Madame Minerva Gravity and the Moon

February 8, 2009 § Leave a comment

Now reading: Villette.

About halfway through the book Lucy makes one of her recurring points about the misperception of her by those around her: Madame Beck thinks her learned, Ginevra believes her catty and bitter, M. de Bassompierre “the essence of the sedate and discreet,” M. Paul a wild woman.

This is an interesting aspect of the book, this ongoing calibration by Lucy of what others think of her compared to the turmoil she knows in her innermost life.  But I’m most interested here in the name she makes up for herself in the next paragraph, and imagines M. de Bassompierre calling her: “Madame Minerva Gravity.”

Gods (capitalized and not), angels, and demons appear throughout this work.  There are the two Christian Gods, the Protestant (Lucy’s) and the Catholic (all the non-Britons).  There are also the many anthropomorphized attributes that populate Lucy’s thoughts: her Reason, her Imagination, her Hope and Despair, many others.  But of all the powerful deities in the book, one stands out: the moon.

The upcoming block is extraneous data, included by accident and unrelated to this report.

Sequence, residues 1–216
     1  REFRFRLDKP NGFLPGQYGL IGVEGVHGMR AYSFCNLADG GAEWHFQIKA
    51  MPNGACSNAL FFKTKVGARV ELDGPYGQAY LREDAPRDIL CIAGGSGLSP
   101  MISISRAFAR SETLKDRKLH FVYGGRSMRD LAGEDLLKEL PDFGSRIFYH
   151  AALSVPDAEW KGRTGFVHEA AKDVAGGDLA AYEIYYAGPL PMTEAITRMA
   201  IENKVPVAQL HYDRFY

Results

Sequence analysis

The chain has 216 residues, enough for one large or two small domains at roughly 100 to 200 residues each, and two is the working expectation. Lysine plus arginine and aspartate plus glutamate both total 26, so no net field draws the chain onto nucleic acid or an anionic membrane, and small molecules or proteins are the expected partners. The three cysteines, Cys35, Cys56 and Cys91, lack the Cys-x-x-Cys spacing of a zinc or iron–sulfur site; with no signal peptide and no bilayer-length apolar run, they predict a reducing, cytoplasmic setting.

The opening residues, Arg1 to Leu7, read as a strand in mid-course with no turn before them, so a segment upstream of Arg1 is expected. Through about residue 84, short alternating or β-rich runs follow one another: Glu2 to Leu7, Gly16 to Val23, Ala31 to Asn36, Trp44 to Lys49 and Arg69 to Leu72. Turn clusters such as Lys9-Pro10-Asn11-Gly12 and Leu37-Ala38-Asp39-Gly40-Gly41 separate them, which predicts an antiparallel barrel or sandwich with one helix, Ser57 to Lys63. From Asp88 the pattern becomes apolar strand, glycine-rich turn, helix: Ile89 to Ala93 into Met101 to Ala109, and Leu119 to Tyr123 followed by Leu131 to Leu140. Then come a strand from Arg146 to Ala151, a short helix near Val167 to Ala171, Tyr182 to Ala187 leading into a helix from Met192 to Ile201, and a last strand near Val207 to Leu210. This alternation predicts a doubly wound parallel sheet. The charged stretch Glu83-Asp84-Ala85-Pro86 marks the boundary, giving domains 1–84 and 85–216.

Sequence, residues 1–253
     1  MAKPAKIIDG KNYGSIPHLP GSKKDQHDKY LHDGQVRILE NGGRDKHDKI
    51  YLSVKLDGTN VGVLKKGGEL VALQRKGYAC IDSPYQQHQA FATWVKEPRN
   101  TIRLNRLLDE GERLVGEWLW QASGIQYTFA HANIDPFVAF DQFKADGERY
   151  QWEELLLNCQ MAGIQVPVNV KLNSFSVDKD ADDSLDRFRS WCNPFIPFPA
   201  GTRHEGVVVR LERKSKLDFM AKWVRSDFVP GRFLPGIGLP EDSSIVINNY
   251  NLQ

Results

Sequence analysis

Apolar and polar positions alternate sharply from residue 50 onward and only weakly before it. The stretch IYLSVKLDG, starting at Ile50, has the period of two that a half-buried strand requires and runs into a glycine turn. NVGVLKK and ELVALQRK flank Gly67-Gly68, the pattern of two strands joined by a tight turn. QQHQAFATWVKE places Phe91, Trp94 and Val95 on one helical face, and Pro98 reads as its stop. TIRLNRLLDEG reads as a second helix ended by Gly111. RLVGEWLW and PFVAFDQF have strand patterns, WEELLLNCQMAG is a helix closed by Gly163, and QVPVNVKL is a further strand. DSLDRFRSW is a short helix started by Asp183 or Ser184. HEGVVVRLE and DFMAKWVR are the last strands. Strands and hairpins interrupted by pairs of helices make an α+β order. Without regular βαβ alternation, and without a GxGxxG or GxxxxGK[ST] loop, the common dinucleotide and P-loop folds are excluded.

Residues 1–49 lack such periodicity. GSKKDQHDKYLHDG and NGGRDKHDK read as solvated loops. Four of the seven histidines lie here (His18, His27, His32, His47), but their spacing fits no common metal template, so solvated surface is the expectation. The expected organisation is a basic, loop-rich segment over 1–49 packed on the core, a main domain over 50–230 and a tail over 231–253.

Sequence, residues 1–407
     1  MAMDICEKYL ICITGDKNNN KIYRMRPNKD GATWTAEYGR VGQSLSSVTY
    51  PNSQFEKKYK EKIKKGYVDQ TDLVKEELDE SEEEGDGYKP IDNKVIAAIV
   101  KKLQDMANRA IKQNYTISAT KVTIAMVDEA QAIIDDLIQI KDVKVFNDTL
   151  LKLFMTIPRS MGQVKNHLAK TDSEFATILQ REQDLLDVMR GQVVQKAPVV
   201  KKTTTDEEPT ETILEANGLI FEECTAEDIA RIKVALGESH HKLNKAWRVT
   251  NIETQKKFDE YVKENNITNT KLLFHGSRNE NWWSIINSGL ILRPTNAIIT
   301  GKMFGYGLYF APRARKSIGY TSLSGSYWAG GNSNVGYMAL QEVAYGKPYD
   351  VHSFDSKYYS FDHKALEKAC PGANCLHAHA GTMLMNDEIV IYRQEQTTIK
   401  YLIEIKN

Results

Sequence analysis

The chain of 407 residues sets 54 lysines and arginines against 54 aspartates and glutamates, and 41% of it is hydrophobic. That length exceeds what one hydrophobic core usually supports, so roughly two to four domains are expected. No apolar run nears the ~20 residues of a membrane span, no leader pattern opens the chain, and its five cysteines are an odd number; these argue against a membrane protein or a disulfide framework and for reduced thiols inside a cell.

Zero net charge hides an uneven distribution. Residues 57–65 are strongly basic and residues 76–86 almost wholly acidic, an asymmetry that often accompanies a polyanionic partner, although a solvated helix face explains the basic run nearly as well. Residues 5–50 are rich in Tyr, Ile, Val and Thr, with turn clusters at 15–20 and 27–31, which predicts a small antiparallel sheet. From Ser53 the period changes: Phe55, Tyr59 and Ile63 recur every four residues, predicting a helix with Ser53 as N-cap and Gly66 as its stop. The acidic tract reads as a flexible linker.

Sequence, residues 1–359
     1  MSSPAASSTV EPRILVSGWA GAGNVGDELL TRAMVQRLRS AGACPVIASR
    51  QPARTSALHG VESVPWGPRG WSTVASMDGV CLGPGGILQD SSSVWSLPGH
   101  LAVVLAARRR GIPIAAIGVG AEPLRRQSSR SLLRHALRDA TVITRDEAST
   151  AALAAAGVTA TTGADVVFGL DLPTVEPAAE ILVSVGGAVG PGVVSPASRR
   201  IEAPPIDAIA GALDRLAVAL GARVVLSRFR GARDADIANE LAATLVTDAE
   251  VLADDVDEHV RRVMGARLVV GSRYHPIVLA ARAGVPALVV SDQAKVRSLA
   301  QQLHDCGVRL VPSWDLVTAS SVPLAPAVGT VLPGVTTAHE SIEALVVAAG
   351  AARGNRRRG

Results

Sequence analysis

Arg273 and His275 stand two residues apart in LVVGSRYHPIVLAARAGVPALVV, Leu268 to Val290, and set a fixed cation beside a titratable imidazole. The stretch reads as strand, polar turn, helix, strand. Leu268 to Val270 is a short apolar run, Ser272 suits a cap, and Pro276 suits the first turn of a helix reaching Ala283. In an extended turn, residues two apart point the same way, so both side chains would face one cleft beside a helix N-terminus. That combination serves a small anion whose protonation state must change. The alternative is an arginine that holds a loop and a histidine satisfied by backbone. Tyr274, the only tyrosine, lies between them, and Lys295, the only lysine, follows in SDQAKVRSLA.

Lucy, for all her attempts to squash her inclinations, is a creature of longing and even passion.  At night, alone and unable to sleep, she thinks, and worries, and speculates.  The moon is somehow her companion in these lonely nights.  And she mentions the moon — how it looked, and looked down on the world — at most of the critical moments in the book.  At times it seems to guide, advise, or comfort her.